When people ask me how I manage to write so much, I jokingly say, “I have hypergraphia.” I figure they’ve probably never heard of it, but it sounds sufficiently exotic to possibly be true … and scary. Since I’m preparing for the Philadelphia Writers Conference, it seems like an appropriate time to ponder this strange compulsion.

Hypergraphia is an all-consuming desire to write. I’ve certainly felt this at times, but I can’t say that it has controlled me. (My friends would probably disagree.)

In fact, hypergraphia can be related to some types of mental illness, like schizophrenia and bipolar disorder, but more often with temporal lobe epilepsy. First described in the medical literature in 1921, hypergraphia can inspire something like obsessive and meticulous documentation. I know someone who keeps a daily journal, on an hour-by-hour basis, including everything he eats. It’s a verbal selfie. Now that’s compulsive!  

I’ve also seen cases of people with paranoid schizophrenia who write daily letters to government officials to alert them to some danger, or to complain.They don't seem to know that they're endlessly repeating themselves.

One of the most poignant cases in which this condition was a factor involved a murder investigation.

A woman named Virginia who’d disappeared for 30 years was found dead from apparent suffocation. The prosecutor suspected that her husband, Alvin, who was an angry recluse, had kept her prisoner and eventually had murdered her. The dilapidated house showed evidence of hoarding. The windows were boarded up and signs on the fence firmly encouraged others to leave him alone. Clearly, the DA thought, he hadn’t wanted anyone to see his captive.

Alvin claimed that Virginia had been his beloved wife and had not wanted to be seen, but he was arrested and tried.

During the trial, Alvin brought in a large suitcase. His defense attorney hired a medical expert to show that Virginia could have had an epileptic seizure in bed, smothering accidentally while facedown on her pillow. Finally, the defendant opened the suitcase.

Inside were thousands of pages of Virginia’s writing, which matched writing all over the walls of their home. Included were letters of love and devotion, her daily activities, recipes, and Bible verses. Everything had been dated and signed. She wrote about her life with a husband who adored and understood her.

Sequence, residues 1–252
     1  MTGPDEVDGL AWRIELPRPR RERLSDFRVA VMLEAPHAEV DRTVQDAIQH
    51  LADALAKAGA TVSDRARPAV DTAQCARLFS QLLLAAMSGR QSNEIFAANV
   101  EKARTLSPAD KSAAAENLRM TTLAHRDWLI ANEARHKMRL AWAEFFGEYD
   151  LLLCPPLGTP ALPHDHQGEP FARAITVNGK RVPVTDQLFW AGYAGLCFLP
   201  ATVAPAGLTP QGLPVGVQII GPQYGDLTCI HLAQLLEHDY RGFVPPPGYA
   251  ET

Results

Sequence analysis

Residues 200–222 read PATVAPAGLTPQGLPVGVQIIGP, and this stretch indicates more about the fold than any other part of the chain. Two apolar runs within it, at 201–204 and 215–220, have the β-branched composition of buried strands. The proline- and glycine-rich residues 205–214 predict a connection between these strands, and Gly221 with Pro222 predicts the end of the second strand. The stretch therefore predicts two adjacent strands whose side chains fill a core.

She did not portray him as the monster people had imagined but as a caring and attentive spouse. These same sentiments were expressed in the writing on the walls, as love notes and poems. Virginia had suffered from agoraphobia and was grateful that Alvin had protected her from the outside world. Her hypergraphia had alerted an expert to the possibility of epilepsy.

Alvin was acquitted.

Sometimes, hypergraphic output can be quite creative, but other times it’s just copying phrases over and over. To see it in action, rent a copy of the movie, Quills. Regardless of how true the story is, the character demonstrates the urgent need to write, no matter what it takes.

Some of the best accounts of this condition can be found in The Midnight Disease, by neurologist Alice W. Flaherty. I found this book, no surprise, at a writers’ conference.

Flaherty teaches at Harvard Medical School and specializes in mood and movement disorders at Massachusetts General Hospital in Boston. She has studied the biology of creativity and she herself unexpectedly suffered from a bout of hypergraphia following a tragic incident in her life.

She’d given premature birth to twin boys, who had died. She grieved for ten days and then “suddenly, as if someone had thrown a switch, I was wildly agitated,” she writes, “full of ideas, all of them pressing to be written down.”

She soon discovered that mania and depression can become a complicated mix. One feature for some people with this kind of depression is hypergraphia. Flaherty says that her writing became like a disease. “I could not stop, and it sucked me away from family and friends. Sensations outside of language dried up: music became irritating discord, the visual world grew faint.”

Yet, she also enjoyed the experience immensely. Ideas would wake her in the night, floating around her, and the sight of a pen or computer gave her a heady rush.

Eventually, she got through it, but even when she was writing in what she called a normal mode, her pulse sped up and she felt in the grip of something larger. In retrospect, she knew she’d been in an unusual brain state. She wanted to understand it, which led her to look at other cases and write her book about what neuroscience tells us about the drive to write and create. She got the title from Edgar Allan Poe.

I recommend Flaherty's book to all writers, whether fluid or blocked, if only for new insights about the fascinating narratives involving several of our role models. For some, it's a burden, for others quite mystical.

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